Coral reefs are special places. They can enchant, inspiring tourists and scientists to travel hundreds, even thousands of miles for just a few moments of underwater bliss. But reefs are also sites of death and decay, reminders of the damage humans continue to inflict on the environment. Few know these contradictions as well as biologist Peter F. Sale, author of Coral Reefs: Majestic Realms Under the Sea. Part memoir, part popular science, part call to action on climate change, the book makes a compelling case for why coral reefs deserve more attention. Sale’s argument is as simple as it is powerful: as coral reefs go, so goes the rest of the planet.
Sale grew up playing in tide pools along the Bermuda shore, and his prose frequently communicates a childlike sense of wonder. That’s not surprising, as coral reefs are indeed majestic. Their growth requires millions of years, and their continued existence depends on an improbable alignment of geology, biology, oceanography, and climate—“serendipity in deep time,” Sale calls it. More process than product, a thriving reef is less a static object to admire than a living being to encounter.
If you look closely at a coral reef (or any ecosystem for that matter) there is simply a lot to see. A single coral specimen that can fit into a five-gallon bucket can house more than a thousand individual polychaete worms of a hundred different species; gobies, a type of small fish that shares the burrows of alpheid shrimps, offering protection from predators in exchange for a comfortable home (complete with a roommate); and some fish larvae that swim so quickly they can travel up to thirty body lengths (sixty centimeters) in a single second. A coral reef is an exciting place to be.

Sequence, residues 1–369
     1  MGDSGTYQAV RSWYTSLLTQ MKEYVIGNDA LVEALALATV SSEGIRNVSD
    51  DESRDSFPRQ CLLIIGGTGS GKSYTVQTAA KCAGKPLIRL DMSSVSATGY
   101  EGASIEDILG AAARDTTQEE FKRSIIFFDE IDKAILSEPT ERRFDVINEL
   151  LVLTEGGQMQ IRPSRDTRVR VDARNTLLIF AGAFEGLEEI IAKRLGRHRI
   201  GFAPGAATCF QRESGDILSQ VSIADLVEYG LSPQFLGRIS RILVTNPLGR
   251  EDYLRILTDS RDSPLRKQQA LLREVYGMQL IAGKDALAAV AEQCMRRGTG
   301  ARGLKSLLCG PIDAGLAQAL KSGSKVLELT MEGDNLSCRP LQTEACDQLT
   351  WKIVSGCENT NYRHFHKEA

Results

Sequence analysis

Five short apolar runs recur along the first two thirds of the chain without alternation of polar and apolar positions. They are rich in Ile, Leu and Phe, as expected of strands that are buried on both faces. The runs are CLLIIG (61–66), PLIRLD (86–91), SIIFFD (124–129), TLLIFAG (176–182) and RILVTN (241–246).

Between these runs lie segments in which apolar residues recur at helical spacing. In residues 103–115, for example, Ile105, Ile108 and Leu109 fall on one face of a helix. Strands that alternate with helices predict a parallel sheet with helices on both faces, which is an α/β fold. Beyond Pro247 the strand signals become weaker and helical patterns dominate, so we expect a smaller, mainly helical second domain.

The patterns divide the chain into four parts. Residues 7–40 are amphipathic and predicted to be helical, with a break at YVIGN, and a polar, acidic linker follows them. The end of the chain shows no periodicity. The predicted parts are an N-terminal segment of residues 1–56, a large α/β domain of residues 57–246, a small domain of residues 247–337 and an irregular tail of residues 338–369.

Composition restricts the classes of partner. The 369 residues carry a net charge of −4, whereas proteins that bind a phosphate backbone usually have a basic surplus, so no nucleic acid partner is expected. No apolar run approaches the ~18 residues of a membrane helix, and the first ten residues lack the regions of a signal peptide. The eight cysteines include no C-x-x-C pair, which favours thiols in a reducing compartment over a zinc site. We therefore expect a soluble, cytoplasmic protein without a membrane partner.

Throughout Coral Reefs, Sale’s personal, familiar tone provides a welcome complement to his scientific rigor. Among the many highlights is his hilarious description of Pacific reef cleaning stations, which Sale cheekily compares to the shady Mos Eisley Cantina from Star Wars. In these “wretched hives of scum and villainy,” Machiavellian cleaning fish “tantalize client fishes with gentle tactile stimulation…and regularly cheat.” Other examples are more poignant. Sale recounts the long journeys made by reef fishes after their dispersal as larvae in the open ocean. Overcoming powerful ocean currents, they’re able to locate and successfully return to their home reefs over remarkably long distances. “I well remember when I first read [about it]” Sale tells us. “I sat there stunned.”
Sale is not a religious believer, but his vocabulary often gestures toward the transcendent. Phrases like “exuberant richness” and “sheer wondrousness” recur throughout the book. Writing rapturously, Sale goes on to describe coral reefs as “the Other,” “magical place[s]…of fantastic otherworldliness.” Might he perceive some kind of divine life operating in this corner of creation? We can’t know for sure, but the theological implications of Sale’s language are revelatory: for believer and non-believer alike, reefs are sacred spaces, where scientific certainty gives way to mystery and awe.